With $2.3M award, Florida State Nursing to educate more experts for underserved areas
Amid the national debate on health care quality and access, $2.3 million in new grants to The Florida State University College of Nursing will support a unique Doctor of Nursing Practice (DNP) degree program that aims to increase the number of advanced practice nurses and see them lead and manage health-care delivery in poor, underserved areas.
Highly competitive, the pair of three-year grants (about $1.16 million each) will come to Florida State from the Health Resources and Services Administration (HRSA), part of the U.S. Department of Health and Human Services.
For Florida State's College of Nursing, the awards represent an unprecedented level of federal support, affirming the goals of its new DNP program, which began with the fall 2009 semester. The program's mission: Produce the most highly qualified nurse experts — with special efforts to recruit students from diverse and disadvantaged backgrounds throughout the Sunshine State — and encourage them to serve as practitioners and health care system leaders in the poor, rural communities of northern Florida and across the Southeast.
"The state of Florida must remain on the forefront of nursing education, and $2.3 million from HRSA will certainly help The Florida State University do just that," said College of Nursing Dean Lisa Plowfield. "The graduates of our new doctoral program will be exceptionally qualified to help solve many of the problems we face in today's health care system and meet the changing needs of our patients and their families, especially in traditionally underserved areas."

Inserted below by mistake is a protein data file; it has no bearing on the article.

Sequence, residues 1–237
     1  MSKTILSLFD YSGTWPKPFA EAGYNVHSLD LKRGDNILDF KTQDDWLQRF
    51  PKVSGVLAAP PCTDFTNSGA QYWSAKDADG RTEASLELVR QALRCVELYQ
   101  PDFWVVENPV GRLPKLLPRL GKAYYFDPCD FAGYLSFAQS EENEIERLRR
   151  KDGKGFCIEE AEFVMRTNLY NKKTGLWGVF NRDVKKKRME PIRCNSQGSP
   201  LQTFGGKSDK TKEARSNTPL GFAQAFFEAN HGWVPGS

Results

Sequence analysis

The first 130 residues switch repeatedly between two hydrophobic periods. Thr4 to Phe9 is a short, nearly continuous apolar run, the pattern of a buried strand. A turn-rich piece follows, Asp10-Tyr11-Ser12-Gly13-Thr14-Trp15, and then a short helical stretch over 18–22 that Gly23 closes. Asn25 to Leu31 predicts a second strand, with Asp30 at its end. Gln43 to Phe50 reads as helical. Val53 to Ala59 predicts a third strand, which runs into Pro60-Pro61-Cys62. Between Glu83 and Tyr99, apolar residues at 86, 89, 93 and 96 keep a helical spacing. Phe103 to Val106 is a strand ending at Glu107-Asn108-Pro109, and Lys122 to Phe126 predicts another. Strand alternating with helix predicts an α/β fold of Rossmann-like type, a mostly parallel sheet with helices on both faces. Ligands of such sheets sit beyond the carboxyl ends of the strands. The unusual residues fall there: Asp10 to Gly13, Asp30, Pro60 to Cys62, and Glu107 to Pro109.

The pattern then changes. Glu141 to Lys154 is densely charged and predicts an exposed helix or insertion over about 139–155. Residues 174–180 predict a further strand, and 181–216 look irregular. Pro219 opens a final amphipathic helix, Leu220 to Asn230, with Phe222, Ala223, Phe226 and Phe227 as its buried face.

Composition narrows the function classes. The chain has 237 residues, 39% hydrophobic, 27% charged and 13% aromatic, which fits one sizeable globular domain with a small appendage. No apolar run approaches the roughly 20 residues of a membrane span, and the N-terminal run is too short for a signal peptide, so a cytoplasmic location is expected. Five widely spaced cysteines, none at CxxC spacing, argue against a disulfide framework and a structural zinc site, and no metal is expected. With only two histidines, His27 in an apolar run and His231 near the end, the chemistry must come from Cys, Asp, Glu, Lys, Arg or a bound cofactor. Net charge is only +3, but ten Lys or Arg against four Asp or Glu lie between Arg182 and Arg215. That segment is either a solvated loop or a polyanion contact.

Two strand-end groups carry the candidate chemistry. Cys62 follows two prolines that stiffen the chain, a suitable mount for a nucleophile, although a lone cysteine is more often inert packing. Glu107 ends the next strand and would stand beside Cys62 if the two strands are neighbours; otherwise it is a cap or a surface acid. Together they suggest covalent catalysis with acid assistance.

Plowfield said the awards couldn't have come at a better time.
"Despite significant statewide budget cuts, the HRSA funding will bolster our ability to recruit nurses into our DNP program and build a strong faculty and curriculum with a dedicated focus on diversity and cultural competence in our health care workforce," she said.
Each of the two grants will help fund and grow one of two doctoral "tracks" that students can take to the DNP degree at Florida State. Both tracks — DNP Family Nurse Practitioner and DNP Health Systems Leadership — have been designed for nurses with Bachelor of Science in Nursing or Master of Science in Nursing degrees.
The DNP degree earned at Florida State would be comparable to professional doctorates in medicine (MD), dentistry (DDS), pharmacy (PharmD), and physical therapy (DPT), according to Plowfield.
Graduates of the FSU program would be qualified to enter an advanced practice specialty area; assume leadership positions in health care; use technology and information to transform health care systems; design complex theory-guided and evidence-based models of care delivery; conduct research on the evaluation of outcomes of care through the application of state-of-the-art evidence; develop programs to promote population health; and collaborate on inter-professional teams to improve long-term patient and population health outcomes.
"The HRSA grants will enable us to expand the DNP program model that we'd originally proposed," Plowfield said. "As a result, Florida State University now can educate and graduate greater numbers of expert clinicians and researchers who are uniquely qualified for the diverse health care settings that desperately need them."
"The state of Florida must remain on the forefront of nursing education, and $2.3 million from HRSA will certainly help The Florida State University do just that."
Dean, Florida State University College of Nursing